Afghanistan: Situation Normal, All Blown Up

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November 27, 2005: The Taliban continue to make terror attacks, desperate to reverse the continued defection of tribal chiefs to the government. The "Taliban offensive" this year has largely failed to change their dire situation. While there are still some families and clans in the south that want the Taliban back in power, they are very much a minority. When a nearby tribe declares allegiance for the government, it means that tribe becomes a hostile neighbor for the pro-Taliban tribesmen. These tribal feuds are nothing new, and many pre-date the Taliban period. While Western media like to make a big deal about all the violence, it's all pretty normal in this part of the world.

November 26, 2005: The Afghan army is replacing its Russian equipment with NATO standard (U.S. or European) stuff. This will make it easier to work with the many NATO and American troops in the country.

November 25, 2005: In an attempt to stem growing cooperation by tribesmen, with police and American troops, the Taliban announced that they had seized and killed three men, that were accused of reporting Taliban activities to U.S. troops. Meanwhile, in southern Afghanistan, what appeared to be a suicide bomber blew up, apparently by accident, near a construction site. Lack of experienced bomb makers has caused a number of accidents like this.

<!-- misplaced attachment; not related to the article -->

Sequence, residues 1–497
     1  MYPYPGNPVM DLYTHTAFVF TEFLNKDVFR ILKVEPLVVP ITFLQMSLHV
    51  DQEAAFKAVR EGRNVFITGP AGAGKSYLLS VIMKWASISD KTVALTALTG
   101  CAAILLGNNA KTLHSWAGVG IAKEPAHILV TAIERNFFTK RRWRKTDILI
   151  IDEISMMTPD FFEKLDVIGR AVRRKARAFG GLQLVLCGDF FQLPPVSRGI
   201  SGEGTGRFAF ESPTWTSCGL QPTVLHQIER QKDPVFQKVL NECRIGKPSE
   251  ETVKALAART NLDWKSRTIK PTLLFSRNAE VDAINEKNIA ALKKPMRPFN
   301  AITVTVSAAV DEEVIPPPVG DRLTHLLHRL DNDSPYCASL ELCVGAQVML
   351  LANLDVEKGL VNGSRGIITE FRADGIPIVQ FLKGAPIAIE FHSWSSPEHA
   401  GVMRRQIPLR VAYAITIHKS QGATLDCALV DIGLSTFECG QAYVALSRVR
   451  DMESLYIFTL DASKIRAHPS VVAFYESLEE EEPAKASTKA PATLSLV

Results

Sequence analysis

November 23, 2005: A roadside bomb killed an American soldier and his Afghan translator. That makes 89 Americans killed in Afghanistan so far this year. That's the highest annual loss so far, but still about half the death rate as for American troops in Iraq. So far, since late 2001, 205 American troops have died in Afghanistan. There are about 20,000 American and 10,000 NATO troops in Afghanistan. There are some 70,000 Afghan army troops, and about the same number of national and local police. Afghanistan has about the same population as Iraq (some 25 million).

A UN survey indicates that, for the first time since 2001, opium (poppy) production has declined (by 2.5 to ten percent). However, 20 percent fewer acres are growing poppy plants, in response to a two year government campaign to discourage poppy cultivation. Drug gangs are responding by helping other farmers grow poppy plants.

November 22, 2005: The Taliban say they killed an Indian engineer they had kidnapped last week. This was done because the Taliban demand. that the Indian firm building a road in southern Afghanistan leave the country, was not met.

 

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